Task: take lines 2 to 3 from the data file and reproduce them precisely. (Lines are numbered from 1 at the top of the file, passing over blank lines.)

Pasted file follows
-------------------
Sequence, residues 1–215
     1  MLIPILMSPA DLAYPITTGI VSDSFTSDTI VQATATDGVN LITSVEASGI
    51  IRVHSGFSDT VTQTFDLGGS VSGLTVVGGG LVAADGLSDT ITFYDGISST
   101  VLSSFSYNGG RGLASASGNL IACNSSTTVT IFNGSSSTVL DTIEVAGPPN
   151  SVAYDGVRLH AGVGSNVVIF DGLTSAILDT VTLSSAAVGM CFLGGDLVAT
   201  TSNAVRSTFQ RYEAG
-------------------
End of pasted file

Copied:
     1  MLIPILMSPA DLAYPITTGI VSDSFTSDTI VQATATDGVN LITSVEASGI
    51  IRVHSGFSDT VTQTFDLGGS VSGLTVVGGG LVAADGLSDT ITFYDGISST